Arriving on the festival circuit just as a group of Ivy League-educated millionaires in Congress punted on raising the minimum wage, Edson Jean’s Ludi is an often riveting work of social realism following its title character, a health care aide played by Shein Mompremier as the chases her American Dream. A Haitian immigrant living in Miami’s Little Haiti neighborhood, she engages in spirited debates throughout her daily life, asking her bus driver why he left a dictator in Haiti while embracing Trump’s MAGA politics. For Ludi, anything is possible in the US even if she often feels as if she’s working to survive. In one passage we learn her job at a nursing home has taken away her vacation days because she didn’t use them.

Always seeking out overtime and extra shifts, Ludi reluctantly takes her roommate Blanca (Madelin Marchant) up on the offer of a home aide visit, something frowned upon at the nursing home, leading her to the apartment of George (Alan Myles Heyman), a client she’s told has dementia. George is of the generation that built the city, which he laments has turned into a theme park while he’s confined to a dingy apartment. His view of economic fairness differs from Ludi, who has come to the country with the support of cousin Gerline and continues to find ways to pay it forward, saving up to buy her a dress while also struggling to keep her head above water. For Ludi there’s no free time for organized faith-based rituals, which most everyone reminds her may lead to the answers and potentially a romance.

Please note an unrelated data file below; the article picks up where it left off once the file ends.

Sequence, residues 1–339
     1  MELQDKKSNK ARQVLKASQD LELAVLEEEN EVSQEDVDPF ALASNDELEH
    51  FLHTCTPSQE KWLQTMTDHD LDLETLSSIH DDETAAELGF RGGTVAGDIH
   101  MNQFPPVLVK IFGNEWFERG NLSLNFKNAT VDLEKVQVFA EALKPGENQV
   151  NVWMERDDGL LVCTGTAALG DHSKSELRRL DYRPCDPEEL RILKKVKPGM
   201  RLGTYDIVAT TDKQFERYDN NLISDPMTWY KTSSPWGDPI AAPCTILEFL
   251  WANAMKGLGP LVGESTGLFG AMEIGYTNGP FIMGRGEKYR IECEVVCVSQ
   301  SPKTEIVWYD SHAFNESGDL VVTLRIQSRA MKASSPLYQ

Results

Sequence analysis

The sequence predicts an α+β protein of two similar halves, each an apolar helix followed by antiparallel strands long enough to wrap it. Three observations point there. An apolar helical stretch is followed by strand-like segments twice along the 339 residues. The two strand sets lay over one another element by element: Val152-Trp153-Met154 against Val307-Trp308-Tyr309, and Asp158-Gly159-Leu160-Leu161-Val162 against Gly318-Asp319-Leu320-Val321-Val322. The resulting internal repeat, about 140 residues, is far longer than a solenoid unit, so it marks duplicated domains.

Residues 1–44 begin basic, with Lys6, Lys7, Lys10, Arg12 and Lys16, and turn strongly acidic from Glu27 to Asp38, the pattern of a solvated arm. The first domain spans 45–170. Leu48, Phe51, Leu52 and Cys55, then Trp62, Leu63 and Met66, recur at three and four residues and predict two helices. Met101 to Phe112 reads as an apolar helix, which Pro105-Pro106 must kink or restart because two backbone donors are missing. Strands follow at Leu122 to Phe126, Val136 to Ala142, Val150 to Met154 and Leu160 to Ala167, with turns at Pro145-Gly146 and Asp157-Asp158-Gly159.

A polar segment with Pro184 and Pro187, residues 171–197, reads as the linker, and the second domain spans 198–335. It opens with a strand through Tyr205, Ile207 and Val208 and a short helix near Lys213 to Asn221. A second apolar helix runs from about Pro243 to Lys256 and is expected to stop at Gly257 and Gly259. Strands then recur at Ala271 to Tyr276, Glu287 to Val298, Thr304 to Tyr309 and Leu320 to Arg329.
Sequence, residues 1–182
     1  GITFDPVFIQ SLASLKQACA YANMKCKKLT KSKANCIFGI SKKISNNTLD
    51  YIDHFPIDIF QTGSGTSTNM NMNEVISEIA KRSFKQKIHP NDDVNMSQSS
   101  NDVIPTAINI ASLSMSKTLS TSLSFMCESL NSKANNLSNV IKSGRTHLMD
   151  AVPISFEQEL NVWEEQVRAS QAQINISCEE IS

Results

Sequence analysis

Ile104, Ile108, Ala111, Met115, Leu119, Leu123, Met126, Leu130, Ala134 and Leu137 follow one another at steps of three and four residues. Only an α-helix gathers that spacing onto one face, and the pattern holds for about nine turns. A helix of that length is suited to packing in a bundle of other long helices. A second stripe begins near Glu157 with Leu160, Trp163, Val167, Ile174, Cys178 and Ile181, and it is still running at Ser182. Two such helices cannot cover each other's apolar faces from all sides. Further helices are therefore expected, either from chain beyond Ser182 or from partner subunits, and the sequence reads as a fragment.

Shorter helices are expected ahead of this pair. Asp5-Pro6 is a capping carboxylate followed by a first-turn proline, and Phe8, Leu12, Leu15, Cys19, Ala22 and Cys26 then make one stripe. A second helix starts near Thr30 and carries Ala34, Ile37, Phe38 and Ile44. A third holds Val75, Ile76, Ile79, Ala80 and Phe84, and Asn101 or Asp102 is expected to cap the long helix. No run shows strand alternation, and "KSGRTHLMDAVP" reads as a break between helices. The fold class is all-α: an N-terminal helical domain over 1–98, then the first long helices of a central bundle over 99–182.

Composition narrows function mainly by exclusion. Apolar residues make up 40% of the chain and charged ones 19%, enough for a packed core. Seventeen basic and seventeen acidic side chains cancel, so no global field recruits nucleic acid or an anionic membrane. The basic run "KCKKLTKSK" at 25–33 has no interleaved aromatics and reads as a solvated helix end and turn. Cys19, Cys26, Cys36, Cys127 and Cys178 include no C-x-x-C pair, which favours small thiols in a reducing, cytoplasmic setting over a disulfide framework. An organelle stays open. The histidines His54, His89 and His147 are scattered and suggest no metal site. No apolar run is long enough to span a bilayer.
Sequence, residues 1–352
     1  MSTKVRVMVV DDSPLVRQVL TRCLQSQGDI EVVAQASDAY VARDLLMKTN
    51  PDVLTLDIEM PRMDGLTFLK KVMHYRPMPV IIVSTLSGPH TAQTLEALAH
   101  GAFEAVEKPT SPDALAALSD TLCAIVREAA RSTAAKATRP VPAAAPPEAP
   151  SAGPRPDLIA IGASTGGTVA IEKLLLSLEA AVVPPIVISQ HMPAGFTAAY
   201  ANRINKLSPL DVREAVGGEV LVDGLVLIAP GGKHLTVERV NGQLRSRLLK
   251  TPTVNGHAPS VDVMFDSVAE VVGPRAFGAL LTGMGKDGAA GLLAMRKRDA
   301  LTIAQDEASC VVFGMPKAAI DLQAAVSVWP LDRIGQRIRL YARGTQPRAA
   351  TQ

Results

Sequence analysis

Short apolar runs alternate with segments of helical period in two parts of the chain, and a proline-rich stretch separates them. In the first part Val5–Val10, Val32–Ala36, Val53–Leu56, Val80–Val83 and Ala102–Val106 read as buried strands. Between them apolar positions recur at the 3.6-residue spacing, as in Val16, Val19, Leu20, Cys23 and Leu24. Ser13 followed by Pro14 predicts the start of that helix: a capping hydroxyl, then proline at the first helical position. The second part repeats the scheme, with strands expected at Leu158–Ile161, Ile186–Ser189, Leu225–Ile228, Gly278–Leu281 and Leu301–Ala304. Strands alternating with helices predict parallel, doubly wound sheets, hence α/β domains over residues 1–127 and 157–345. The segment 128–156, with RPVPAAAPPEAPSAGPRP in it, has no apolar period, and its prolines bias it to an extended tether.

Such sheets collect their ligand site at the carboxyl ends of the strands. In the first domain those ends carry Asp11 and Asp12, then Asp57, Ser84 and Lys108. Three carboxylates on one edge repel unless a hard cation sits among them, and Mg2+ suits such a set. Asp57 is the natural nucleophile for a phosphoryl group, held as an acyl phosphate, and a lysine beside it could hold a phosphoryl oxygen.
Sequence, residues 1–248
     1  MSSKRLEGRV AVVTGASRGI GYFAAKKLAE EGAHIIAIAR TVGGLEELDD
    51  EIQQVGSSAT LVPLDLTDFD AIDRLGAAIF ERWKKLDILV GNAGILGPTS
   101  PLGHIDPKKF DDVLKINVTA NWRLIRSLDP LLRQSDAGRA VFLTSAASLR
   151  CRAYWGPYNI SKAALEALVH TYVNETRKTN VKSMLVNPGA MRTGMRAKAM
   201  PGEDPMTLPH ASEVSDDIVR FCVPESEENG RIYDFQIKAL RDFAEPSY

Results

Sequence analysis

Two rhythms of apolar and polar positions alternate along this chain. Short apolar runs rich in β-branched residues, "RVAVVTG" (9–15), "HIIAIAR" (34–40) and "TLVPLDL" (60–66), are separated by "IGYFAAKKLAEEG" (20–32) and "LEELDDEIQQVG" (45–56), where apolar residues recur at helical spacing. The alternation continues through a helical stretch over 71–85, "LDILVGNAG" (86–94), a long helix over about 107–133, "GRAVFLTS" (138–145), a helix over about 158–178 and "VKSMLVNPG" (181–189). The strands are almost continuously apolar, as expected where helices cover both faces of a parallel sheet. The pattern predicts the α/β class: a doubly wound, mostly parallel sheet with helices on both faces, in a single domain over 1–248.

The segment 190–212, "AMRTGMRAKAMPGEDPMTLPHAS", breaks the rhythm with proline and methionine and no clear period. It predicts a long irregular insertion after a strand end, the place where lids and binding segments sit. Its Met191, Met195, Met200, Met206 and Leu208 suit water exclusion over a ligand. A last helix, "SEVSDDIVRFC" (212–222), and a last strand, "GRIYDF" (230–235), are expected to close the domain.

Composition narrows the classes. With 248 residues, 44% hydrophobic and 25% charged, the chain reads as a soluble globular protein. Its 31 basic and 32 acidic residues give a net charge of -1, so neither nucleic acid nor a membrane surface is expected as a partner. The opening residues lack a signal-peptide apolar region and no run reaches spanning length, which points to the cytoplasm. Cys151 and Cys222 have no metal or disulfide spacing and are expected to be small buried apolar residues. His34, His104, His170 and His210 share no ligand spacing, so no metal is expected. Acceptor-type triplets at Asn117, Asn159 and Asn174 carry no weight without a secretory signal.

Ludi’s sense of community is tied to an imagined Haiti that bookends certain passages as she trades cassette tapes mailed to Gerline rather than connecting telephonically. These ethereal interludes add a sense of beauty to what otherwise is a bleak drama taking place in kitchens, bedrooms, and buses while a bustling world happens just outside of Ludi’s reach. Her American Dream involves playing by the rules even though she is viewed as “cheap unskilled labor” by an inherently classist system that finds Ludi in a state of self-perpetuating indentured servitude, as chronicled for years by the great social realist Ken Loach.

Co-written by Joshua Jean-Baptiste and directed by Edson Jean, Ludi is an impactful and yet too-brief character study which in 80 minutes accurately contains very few locations––someone working 18 hour days does not have time for much else other than the grind. In an impressive performance, Shein Mompremier’s Ludi is quite charismatic, resourceful, quick-thinking, and accepted as part of the community, giving her a bit more of a runway than the protagonists of Nomadland and Wendy and Lucy, who walk a tightrope without a safety net. The film ends on a fittingly ambiguous note as Ludi navigates a common American nightmare in search of an American dream, where those with significant advantages preach rugged individualism.

Ludi screened at SXSW.

Grade: B

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